Coliseum of RomeView All Sizes
JOURNAL : May 26, 2002
Once you get right up to it the Flavian Amphitheater is huge, even by the standards of modern olympic stadiums. These pictures hardly do it justice. What stands out beyond its imposing facade is that the ancient engineering is still sturdy and intelligent by modern standards.
The Collosseum of RomeView All Sizes
Flavian AmphitheaterView All Sizes
Flavian Amphitheater from the RearView All Sizes
Inside there is no floor. All the intricate rooms and hallways are exposed, shedding light on the bustling underbelly of the Colosseum.
While in the very center it's easy to imagine the activities that once took place here; Chariots race by, gladiators hack each other to death, animals gore Christians, or famous athletes compete for glory. All around you can almost hear the roar of the masses as a rhinoceros runs you down...
In particular the roman brickwork is of exceeding high quality. Each brick has been carefully fashioned of very fine, tightly packed concrete. Ancient apartment buildings, and massive structures like aqueducts and the Colosseum all display this excellent craftmanship, symbolic of the belief in the endurance of the Roman Empire.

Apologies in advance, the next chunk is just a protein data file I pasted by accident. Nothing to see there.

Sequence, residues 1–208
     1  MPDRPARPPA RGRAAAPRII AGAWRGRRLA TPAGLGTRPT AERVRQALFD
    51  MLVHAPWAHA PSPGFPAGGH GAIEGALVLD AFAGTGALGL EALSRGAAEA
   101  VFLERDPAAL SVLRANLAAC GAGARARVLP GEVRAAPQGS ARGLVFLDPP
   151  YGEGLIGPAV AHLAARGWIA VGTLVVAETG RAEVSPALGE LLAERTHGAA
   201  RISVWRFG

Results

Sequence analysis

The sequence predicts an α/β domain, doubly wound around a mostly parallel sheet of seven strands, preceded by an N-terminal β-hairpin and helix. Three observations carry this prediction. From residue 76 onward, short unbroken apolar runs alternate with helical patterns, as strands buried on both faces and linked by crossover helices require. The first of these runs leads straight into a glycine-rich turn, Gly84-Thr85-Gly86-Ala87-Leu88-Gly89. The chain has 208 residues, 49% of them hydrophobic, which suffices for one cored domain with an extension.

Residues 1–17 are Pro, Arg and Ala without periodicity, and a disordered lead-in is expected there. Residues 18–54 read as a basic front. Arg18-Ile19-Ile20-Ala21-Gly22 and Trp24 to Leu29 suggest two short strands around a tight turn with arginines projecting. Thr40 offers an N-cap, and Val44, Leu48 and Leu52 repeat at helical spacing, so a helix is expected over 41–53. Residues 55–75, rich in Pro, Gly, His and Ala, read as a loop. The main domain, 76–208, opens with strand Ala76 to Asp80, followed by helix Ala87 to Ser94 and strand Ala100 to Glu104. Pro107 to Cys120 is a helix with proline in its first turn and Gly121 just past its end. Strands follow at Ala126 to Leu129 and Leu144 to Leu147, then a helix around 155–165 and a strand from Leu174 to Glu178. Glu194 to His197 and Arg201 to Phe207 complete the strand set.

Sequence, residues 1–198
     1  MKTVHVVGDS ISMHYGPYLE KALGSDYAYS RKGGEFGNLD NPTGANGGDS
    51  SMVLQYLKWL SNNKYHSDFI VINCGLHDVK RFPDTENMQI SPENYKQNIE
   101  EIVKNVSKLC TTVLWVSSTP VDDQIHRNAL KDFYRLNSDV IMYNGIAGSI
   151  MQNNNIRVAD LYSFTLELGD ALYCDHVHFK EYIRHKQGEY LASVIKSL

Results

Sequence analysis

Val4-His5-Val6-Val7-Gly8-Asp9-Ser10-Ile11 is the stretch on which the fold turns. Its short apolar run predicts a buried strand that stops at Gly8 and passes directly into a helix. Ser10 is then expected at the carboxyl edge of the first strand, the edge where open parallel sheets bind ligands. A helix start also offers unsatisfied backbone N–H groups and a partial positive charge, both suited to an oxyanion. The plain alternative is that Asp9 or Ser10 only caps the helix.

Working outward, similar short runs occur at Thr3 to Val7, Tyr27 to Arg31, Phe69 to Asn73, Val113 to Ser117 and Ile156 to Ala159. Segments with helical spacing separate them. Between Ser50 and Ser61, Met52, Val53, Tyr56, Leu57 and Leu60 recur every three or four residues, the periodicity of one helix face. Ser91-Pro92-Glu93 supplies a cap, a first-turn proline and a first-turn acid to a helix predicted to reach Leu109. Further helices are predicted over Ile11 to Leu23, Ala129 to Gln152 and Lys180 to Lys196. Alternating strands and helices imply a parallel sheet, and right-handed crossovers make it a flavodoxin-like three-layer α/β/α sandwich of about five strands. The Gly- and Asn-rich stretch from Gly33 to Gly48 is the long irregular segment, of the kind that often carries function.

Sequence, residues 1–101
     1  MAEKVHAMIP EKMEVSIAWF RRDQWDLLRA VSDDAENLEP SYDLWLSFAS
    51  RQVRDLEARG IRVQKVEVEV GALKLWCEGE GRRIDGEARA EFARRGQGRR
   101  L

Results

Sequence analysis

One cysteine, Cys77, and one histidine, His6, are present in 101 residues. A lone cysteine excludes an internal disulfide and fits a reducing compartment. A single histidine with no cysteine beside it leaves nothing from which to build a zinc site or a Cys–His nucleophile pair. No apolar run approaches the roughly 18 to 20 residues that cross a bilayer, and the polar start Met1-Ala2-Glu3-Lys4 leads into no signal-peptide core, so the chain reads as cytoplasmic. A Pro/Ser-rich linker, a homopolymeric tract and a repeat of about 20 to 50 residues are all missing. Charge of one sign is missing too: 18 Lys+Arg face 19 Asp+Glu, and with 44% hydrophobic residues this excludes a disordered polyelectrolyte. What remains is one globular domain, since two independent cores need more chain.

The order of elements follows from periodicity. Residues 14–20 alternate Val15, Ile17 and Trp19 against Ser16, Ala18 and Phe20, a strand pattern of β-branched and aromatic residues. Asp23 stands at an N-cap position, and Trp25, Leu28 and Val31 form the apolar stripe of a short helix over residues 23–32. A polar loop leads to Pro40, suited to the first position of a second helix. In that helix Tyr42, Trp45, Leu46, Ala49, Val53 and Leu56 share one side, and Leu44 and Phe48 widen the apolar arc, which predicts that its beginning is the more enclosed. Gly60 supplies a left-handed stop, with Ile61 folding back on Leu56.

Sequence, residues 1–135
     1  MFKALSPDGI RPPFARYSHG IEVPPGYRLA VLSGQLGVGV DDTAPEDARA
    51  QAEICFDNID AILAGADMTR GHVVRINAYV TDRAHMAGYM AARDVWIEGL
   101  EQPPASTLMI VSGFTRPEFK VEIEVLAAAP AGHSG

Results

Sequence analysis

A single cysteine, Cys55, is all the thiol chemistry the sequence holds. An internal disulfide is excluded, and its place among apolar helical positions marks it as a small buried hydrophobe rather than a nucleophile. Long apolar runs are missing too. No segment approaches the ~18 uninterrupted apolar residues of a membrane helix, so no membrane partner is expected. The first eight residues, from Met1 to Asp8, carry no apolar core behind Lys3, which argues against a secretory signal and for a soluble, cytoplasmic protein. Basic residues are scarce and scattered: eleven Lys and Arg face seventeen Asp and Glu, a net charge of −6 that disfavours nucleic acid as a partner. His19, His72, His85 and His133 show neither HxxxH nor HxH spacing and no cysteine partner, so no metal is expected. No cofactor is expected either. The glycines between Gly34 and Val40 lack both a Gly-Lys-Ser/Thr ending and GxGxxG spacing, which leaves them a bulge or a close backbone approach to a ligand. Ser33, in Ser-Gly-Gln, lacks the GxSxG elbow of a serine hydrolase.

Indeed it did last nearly 500 years, built on a city that was already some 500 years old or more, and succeeded by the modern city of Rome still thrives despite a history of invasion and destruction.
We strolled about inside and took a few more photographs. It's still a marvel two thousand years later. Nearby is the Arch of Constantine, built in 313 A.D. of marble with sculptural and architectural elements from other places because of the declining fortunes of Rome at the time. It celebrates Emperor Constatine's victory over Massenzio.
The Coliseum of Rome
The Coliseum of RomeView All Sizes
About this day
May 26, 2002
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